Internalized Racism: Conceptualization

Internalized racism is defined as “the acceptance, by marginalized racial populations, of the negative societal beliefs and stereotypes about themselves” (Williams & Williams-Morris, 2000, p. 255; Taylor & Grundy, 1996).

Individuals may or may not be aware of their own acceptance of these negative beliefs. Internalized racism can also be expressed via a rejection of the cultural practices of one’s own ethnic or racial group.

Components that have been considered part of racial identity, including racial self-hatred, may also be considered part of the construct of internalized racism (Cross & Vandiver, 2001; Wester, Vogel, Wei, & McLain, 2006).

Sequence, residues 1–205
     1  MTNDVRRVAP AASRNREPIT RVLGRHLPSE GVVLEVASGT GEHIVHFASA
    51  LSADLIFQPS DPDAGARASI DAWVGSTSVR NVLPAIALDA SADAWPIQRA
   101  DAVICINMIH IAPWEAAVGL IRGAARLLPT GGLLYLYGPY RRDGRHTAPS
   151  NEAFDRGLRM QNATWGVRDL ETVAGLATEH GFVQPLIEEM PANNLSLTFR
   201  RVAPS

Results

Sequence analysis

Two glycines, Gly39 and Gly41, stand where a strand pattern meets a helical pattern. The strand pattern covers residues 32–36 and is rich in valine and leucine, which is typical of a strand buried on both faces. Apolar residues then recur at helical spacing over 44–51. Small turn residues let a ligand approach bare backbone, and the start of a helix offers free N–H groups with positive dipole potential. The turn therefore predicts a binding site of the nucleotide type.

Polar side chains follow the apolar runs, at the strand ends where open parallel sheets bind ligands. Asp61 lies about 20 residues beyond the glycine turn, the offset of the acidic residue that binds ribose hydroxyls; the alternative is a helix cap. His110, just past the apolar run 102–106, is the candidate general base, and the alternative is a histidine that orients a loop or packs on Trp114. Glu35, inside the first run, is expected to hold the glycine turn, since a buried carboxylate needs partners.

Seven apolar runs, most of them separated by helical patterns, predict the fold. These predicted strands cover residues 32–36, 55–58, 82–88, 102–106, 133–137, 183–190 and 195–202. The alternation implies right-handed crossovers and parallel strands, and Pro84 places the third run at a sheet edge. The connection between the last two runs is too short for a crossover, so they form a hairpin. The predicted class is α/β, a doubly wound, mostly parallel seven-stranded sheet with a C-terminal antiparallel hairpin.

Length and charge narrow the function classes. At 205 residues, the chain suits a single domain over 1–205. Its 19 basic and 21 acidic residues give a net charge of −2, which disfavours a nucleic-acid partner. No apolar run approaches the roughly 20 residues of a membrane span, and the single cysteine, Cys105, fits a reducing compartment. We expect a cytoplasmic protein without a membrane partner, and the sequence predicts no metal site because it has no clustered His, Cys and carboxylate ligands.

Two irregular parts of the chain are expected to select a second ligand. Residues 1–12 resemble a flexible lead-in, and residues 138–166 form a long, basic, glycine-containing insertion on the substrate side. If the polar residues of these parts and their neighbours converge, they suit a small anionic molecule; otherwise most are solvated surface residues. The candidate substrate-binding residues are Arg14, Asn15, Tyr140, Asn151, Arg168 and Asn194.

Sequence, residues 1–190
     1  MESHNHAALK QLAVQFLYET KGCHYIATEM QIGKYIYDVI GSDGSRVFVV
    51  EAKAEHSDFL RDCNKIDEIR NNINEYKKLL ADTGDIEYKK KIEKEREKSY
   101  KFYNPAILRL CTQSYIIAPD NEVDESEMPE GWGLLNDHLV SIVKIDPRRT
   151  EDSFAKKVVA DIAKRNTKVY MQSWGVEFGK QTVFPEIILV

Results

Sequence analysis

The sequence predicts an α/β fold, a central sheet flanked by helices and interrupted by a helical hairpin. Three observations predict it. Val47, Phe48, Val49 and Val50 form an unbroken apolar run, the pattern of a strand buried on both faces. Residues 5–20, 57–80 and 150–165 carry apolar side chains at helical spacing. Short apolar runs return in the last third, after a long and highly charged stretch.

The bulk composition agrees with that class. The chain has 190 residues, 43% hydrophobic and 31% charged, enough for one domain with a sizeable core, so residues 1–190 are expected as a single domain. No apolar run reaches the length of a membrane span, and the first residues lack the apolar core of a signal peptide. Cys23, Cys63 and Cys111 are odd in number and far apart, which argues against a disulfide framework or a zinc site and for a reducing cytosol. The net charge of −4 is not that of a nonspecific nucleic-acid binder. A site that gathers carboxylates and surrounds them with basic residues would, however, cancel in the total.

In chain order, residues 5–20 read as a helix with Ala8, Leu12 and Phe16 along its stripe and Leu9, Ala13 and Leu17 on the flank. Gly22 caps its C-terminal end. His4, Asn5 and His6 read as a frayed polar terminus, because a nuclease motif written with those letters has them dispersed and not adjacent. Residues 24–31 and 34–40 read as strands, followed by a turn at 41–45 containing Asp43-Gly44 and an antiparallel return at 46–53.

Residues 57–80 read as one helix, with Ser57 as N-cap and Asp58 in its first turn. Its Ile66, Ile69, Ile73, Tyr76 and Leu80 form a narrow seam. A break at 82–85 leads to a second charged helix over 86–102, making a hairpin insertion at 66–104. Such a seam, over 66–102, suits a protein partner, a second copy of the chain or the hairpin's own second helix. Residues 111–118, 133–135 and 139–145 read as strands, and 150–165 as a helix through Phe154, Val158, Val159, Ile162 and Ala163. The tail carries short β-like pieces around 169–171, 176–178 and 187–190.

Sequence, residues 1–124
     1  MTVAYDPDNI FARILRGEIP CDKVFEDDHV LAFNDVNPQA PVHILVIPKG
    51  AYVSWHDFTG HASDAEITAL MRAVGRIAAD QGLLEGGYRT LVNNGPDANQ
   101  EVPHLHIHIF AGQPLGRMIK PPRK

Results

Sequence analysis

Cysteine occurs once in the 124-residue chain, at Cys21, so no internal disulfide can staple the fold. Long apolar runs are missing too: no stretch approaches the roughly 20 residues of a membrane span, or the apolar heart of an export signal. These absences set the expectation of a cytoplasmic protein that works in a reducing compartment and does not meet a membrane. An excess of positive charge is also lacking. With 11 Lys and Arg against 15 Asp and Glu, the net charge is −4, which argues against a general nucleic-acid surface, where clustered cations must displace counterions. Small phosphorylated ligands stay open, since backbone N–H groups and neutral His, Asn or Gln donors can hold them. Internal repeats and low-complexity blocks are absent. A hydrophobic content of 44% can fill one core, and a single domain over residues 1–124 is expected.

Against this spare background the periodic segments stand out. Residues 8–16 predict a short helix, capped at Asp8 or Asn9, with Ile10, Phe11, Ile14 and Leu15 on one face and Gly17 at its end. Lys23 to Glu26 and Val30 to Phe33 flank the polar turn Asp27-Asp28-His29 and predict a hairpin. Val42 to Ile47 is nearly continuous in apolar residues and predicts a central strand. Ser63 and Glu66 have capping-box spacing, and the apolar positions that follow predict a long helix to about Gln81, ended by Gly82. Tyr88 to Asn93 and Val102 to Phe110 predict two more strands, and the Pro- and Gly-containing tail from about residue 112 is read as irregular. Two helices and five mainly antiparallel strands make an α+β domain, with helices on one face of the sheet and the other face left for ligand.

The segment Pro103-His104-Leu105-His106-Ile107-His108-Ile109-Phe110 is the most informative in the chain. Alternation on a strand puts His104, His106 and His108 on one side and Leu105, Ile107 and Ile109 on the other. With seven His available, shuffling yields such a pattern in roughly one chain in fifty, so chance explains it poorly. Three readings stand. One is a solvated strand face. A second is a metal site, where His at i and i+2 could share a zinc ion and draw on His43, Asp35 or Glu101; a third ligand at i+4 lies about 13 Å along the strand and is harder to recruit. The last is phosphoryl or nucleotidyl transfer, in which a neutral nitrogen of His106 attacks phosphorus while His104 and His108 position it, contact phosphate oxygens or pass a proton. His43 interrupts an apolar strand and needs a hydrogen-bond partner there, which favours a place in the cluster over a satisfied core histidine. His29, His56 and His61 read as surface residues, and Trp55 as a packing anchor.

When the negative stereotypes are absorbed into the self-concept of a stigmatized individual, the process is referred to as self-stereotyping (Hogg & Turner, 1987; Simon & Hamilton, 1994).

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